been a while since the last full team-based CHUD LIST. Too long. With
the goal being to ease back into the swing of things and hopefully get
us on track to a list a month, here’s the latest, BAD FOR US, WORSE FOR
THEM. The concept is simple.
This isn’t a “Best Kills” list.
We’ve done that and done it better than anyone ever could (though we’ll
revisit that at some point to rewrite the history books). This is a
list of forty deaths in cinema, twenty of which that have a profound
affect on the viewer whether by the sheer tragedy of it, how
emotionally impactful it is, or how it is a catalyst for a real descent
in the progression of the story. The other twenty are deaths that go
beyond the call of duty, not because they’re cool or really well
executed FX, but because they are just knee-capping in their immediacy,
brutality, or simple visceral impact. Kills that will probably leave a
We could have done hundreds of these, but here’s twenty of
each from the CHUD staff, delivered two a day for you until the list is
Day Eight - Old Folks Day on the List
Lew Ayres in All Quiet on the Western Front (1930)
Picking one painful for us death out of All Quiet on the Western Front [buy it from CHUD!] is almost an impossible task. There are few films that have ever captured the pain and pointlessness of war like this 1930 classic. There are scenes of utter madness and horror that rival anything put to celluloid in the modern day, and there’s more tragedy per square inch in this adaptation of the Erich Maria Remarque novel about WWI than in a year’s worth of Lifetime original movies.
There were a lot of runners up in this film for ‘Worst for Us.’ I’m always touched by the scene where German soldier Paul (Lew Ayres) shoots a French soldier and then, filled with remorse, tries to will him back to life to apologize. There’s the death of Kemmerich, slowly and painfully dying from his wounds, and whose passing is mostly noted by his friends taking his boots. There’s the death of Kat, the experienced soldier who has led the new recruits into battle.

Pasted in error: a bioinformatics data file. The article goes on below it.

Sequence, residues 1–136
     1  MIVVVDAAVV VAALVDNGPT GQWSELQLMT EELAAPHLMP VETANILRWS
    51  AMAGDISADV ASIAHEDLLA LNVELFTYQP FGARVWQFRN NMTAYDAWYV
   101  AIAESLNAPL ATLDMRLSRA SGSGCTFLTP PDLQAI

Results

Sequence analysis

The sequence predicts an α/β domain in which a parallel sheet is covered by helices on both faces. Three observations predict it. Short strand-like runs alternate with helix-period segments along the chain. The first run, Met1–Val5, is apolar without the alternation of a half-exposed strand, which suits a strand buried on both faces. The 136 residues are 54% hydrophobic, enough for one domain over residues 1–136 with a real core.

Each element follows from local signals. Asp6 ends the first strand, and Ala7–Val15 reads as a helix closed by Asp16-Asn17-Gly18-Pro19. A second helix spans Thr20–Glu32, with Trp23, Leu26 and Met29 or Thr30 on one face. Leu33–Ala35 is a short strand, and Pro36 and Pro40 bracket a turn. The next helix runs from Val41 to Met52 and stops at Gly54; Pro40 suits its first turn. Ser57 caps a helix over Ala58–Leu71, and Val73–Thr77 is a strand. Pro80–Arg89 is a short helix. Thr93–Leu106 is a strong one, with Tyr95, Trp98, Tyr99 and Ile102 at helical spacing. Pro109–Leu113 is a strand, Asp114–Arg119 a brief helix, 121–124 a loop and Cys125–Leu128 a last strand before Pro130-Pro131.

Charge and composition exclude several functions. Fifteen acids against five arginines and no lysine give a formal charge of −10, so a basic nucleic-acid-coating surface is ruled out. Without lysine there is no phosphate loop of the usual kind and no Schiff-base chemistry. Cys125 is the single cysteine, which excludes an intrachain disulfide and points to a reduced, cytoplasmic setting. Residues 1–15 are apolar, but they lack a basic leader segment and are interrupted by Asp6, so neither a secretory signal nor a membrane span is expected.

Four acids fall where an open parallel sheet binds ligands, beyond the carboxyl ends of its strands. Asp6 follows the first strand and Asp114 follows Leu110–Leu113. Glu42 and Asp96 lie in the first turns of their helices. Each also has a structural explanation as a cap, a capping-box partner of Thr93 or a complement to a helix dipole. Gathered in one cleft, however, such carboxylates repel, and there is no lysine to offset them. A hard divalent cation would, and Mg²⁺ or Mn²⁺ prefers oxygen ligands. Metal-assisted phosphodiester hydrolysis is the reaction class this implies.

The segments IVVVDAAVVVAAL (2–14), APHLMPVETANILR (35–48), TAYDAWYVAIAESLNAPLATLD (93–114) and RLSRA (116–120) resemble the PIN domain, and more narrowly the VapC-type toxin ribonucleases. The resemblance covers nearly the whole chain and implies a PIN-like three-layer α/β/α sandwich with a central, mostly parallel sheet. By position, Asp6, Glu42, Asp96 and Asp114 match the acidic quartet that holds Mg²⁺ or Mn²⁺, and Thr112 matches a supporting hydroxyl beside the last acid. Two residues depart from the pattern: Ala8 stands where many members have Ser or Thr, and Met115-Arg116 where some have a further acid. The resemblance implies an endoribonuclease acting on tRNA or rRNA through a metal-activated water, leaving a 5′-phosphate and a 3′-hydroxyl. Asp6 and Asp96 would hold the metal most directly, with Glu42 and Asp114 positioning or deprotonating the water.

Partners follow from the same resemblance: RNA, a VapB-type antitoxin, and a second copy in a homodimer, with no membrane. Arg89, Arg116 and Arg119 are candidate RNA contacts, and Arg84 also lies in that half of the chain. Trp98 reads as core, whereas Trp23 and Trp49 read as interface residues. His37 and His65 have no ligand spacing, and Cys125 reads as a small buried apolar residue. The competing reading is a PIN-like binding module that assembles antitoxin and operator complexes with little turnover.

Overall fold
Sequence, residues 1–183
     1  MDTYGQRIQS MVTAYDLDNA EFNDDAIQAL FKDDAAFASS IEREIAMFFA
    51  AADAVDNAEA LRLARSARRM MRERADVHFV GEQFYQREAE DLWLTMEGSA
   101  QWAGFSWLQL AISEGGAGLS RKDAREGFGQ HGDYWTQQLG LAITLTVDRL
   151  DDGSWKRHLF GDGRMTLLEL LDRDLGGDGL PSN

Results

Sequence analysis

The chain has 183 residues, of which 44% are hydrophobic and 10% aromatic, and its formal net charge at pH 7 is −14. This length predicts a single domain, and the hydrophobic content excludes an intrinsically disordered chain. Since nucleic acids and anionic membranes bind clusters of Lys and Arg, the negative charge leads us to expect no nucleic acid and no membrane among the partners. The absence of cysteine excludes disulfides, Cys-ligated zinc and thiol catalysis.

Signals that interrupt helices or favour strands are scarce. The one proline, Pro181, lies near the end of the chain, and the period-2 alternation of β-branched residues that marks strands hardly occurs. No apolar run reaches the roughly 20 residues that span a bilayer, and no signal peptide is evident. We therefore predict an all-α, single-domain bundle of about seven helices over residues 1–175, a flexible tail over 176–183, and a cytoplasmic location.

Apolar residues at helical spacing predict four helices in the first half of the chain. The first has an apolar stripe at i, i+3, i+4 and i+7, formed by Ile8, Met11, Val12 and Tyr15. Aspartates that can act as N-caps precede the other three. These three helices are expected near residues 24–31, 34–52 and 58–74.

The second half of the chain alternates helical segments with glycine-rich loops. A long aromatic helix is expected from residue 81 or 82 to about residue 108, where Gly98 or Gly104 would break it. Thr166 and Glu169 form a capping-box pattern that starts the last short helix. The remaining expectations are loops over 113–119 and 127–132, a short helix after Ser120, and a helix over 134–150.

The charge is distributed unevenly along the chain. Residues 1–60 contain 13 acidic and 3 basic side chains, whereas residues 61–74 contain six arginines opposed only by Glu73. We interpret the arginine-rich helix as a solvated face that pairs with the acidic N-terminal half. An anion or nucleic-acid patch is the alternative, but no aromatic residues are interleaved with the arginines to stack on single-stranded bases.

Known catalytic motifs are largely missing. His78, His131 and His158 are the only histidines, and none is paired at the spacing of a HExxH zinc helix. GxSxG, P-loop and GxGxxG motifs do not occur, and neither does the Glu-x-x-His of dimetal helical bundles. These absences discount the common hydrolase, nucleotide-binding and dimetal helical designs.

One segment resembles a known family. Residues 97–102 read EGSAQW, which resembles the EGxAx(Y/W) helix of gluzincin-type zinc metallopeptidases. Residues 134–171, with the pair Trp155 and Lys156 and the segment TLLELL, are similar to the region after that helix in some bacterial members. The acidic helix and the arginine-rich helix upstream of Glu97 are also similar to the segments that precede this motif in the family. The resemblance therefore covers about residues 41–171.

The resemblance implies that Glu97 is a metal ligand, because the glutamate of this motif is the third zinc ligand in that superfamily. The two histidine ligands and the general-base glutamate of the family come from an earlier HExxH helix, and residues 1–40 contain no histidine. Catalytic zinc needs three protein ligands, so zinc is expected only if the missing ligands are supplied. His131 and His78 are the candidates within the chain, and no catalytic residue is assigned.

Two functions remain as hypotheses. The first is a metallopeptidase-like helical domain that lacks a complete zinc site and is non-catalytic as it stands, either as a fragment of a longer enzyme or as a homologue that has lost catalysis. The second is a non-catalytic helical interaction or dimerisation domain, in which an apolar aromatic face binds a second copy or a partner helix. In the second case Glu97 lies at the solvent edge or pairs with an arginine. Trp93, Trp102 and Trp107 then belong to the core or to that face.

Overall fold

But the real heartbreaker occurs at the end of the film. After almost dying himself, Paul lives to see the death of his friend Kat. Back at the trenches, Paul awaits a new offensive when a butterfly catches his eye. There’s this object of flitting beauty in the wasted landscape of No Man’s Land, a bloody series of inches of dirt each worth the lives of hundreds, if not thousands. After all the suffering and guilt and starvation and tragedy, Paul is taken by this omen of happiness and he reaches out to touch it – and just as he does he is sighted by a French sniper, who puts a bullet through his head. The character we’ve followed doesn’t come out of the war a hero or a changed man. He doesn’t die in a heroic moment on the battlefield. He is suddenly and unceremoniously killed by an enemy whose eyes he will never see.
Pain of Death: LOW. Maybe non-existent. Paul is alive one moment and dead the next.
Emotional Loss: STUNNING. Especially for modern audiences. We’re all led to believe that every movie made before 1969 was a happy-go-lucky piece where everyone comes out a winner.